Maybe that could work, then again not sure if setting a full limit is good.Works well for rated games of chess. If every competitive game follows the ELO system because its perfect, why not use their time system which is fair?
I would argue that chess is fundamentally different. The strategy in chess is more intense and involves thinking many moves ahead, thus a timer become necessary for competitive chess. It allows you to spend minutes on a single turn if you choose to, but you're sacrificing your overall time clock. IW is very strategic, but not in the same way. There's only so much you can consider during any one turn, hence it's appropriate to limit each turn but not to limit the overall match (I think). Plus, notice that you're suggesting a rule set that's even stricter than in chess, which is that you want to keep the individual turn limits and add a chess-type clock on top of that.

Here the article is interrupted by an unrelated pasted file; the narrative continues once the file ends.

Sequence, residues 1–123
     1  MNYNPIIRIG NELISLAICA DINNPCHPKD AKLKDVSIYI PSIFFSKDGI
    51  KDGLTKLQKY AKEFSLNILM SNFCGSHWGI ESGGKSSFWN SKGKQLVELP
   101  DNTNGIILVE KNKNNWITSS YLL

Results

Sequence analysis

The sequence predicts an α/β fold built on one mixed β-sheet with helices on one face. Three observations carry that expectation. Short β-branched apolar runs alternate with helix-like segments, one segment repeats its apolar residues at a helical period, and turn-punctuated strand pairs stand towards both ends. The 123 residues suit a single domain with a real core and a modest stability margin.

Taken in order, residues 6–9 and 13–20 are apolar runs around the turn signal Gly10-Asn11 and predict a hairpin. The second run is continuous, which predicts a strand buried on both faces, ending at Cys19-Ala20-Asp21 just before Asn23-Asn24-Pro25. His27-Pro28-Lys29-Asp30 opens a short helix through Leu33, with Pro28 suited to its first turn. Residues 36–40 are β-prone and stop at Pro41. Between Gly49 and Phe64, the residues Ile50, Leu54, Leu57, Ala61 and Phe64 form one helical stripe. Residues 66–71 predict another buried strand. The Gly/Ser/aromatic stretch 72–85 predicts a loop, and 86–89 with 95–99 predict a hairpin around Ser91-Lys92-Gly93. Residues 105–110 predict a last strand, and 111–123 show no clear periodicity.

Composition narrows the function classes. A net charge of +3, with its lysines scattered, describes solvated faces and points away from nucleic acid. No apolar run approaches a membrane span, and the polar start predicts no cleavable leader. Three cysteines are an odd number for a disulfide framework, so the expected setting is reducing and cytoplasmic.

However, if you're going to bring up chess, I'll refer to a system that I personally prefer much more, which is go. In go, you have an overall clock, say 30 minutes. But once that runs out, you have a separate set of very small increments that you revert to. (These are called byo-yomi, for anyone familiar.) For example, you may have 5 sets of 30-seconds each. You only use up a byo-yomi period by exceeding your 30 seconds, at which point you move into the next one, until you have none left. If your turn lasts less than 30 seconds, then you keep that byo-yomi period. I prefer this much more to a hard time limit because you don't automatically lose if you took too long earlier in the game, however you are penalized because in a game of go, 30 seconds isn't much time and you're forced to think faster and risk making mistakes in the end-game.
I don't bring up the go system because I think we should use it. As I said, I think a game like IW is fundamentally different and doesn't need this at all. I just wanted to point out an alternative, more flexible system with plenty of tradition and proof that it works.